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Court hears sex offender sexually assaulted boy (14) hours after release

The attack occurred “within hours of being released” from Castlerea Prison
The attack occurred “within hours of being released” from Castlerea Prison

The Court of Appeal has spoken of society's need to rehabilitate sex offenders in the case of a man jailed for sexually assaulting a vulnerable 14-year-old boy "hours" after completing a six-year sentence for another sexual assault.

John Prendiville (50), of no fixed abode, had pleaded guilty at the Central Criminal Court to sexually assaulting the boy at a B&B in Co Kerry on May 12, 2012.

He was sentenced to 12 years imprisonment with the final two suspended by Mr Justice Paul Carney on January 26, 2015.

Prendiville successfully appealed his sentence today at the Court of Appeal. The suspended period of his sentence was increased by one year on condition he seek out psychological counselling in prison and complete all courses offered to him.

Post release supervision of Prendiville was also extended from 18 months to two years.

Speaking on behalf of the three-judge court today Mr Justice Alan Mahon said Prendiville had met the injured party “within hours of being released” from Castlerea Prison having served a six year sentence for a previous sexual assault.

Prendiville met the injured party on the street while he was smoking outside a public house, Mr Justice Mahon said.

He began talking to the boy and asked if he wanted an alcoholic drink. The boy agreed and they went inside where they had four or five alcoholic drinks.

At approximately 11pm they returned to Prendiville's B&B where the sexual assault took place. Prendiville performed oral sex on the boy.

Mr Justice Mahon said Prendiville had a troubled background having attended St Joseph's Industrial School in Tralee and he had a number of previous convictions for sexual offences dating back to 1992 involving teenage boys and young men.

At least two of those sexual offences involved violence or the threat of violence.

Mr Justice Mahon said the injured party himself had a troubled background and was living under the care of social services. He was described as a “vulnerable” person with a diagnosis of autistic spectrum disorder.

The sexual assault left the victim feeling “horrible”, wary of strangers and he had difficulty coping generally, Mr Justice Mahon said.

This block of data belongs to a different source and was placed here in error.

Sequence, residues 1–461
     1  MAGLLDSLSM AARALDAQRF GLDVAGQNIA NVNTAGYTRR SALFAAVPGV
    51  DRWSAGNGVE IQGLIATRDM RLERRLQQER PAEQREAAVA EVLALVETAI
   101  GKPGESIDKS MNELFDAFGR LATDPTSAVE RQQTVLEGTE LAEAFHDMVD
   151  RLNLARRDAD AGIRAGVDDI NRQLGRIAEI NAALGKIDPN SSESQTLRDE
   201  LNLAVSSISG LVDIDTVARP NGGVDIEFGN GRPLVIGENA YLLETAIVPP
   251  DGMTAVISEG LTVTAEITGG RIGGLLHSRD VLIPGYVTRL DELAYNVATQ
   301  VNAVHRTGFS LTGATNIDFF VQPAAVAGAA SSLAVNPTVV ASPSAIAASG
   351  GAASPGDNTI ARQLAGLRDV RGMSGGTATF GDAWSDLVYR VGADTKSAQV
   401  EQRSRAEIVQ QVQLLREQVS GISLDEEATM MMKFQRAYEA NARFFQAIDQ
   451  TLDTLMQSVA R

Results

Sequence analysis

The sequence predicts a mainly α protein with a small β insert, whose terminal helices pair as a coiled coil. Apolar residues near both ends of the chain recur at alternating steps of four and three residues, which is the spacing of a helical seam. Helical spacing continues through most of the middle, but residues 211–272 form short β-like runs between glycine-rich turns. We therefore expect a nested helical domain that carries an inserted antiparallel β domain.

Prendiville's barrister, Michael Bowman SC, submitted that the judge erred in placing the offence on the upper end of the scale when the assault had not involved any threat of violence nor the specific targetting of the boy. He was approached on a random basis by Prendiville and there was no obvious breach of trust.

Furthemore, Mr Bowman submitted that the sentence was not properly structured to provide for Prendiville's rehabilitation having regard to his previous propensity to commit similar offences and the judge failed to consider fully that Prendiville breached orders made under the Sex Offenders Act when he was destitute and homeless.

Mr Justice Mahon said a particularly worrying feature of this offence was Prendiville's prior record and convictions for sexually assaulting boys and young men, including this assault on a vulnerable young boy immediately following his release from prison.

This fact served to emphasise the extremely difficult efforts society faced in controlling sex offenders and ensuring that the public and children in particularly were protected, Justice Mahon said.

In this case, 12 years was “entirely appropriate”, Mr Justice Mahon said. Prendiville's past behaviour indicated that not even a lengthy prison sentence deterred him from repeat offending.

But it was clear that something had to be incorporated into his sentence so that when he's released, the public will be protected, Mr Justice Mahon said.

In so far as the judge erred, Mr Justice Mahon said insufficient weight was attached to the prospect and need for rehabilitation which is essential if the public is to be protected. The simple requirement that there be post release supervision, while of some value, was insufficient in this case, he said.

Mr Justice Mahon, who sat with Mr Justice George Birmingham and Mr Justice Garrett Sheehan, held the 12 year sentence, increased the two year suspension to three years on a number of conditions and extended post release supervision from 18 months to two years.

Prendiville was required to seek out psychological counselling in prison and to complete all such offers of treatment and counselling including the Building Better Lives Program.

He was required to enter into his own bond of €1,000 to comply with those conditions and to keep the peace and be of good behaviour while in custody and for a period of three years post release.

When asked if he undertook to be so bound, he said “yeah”.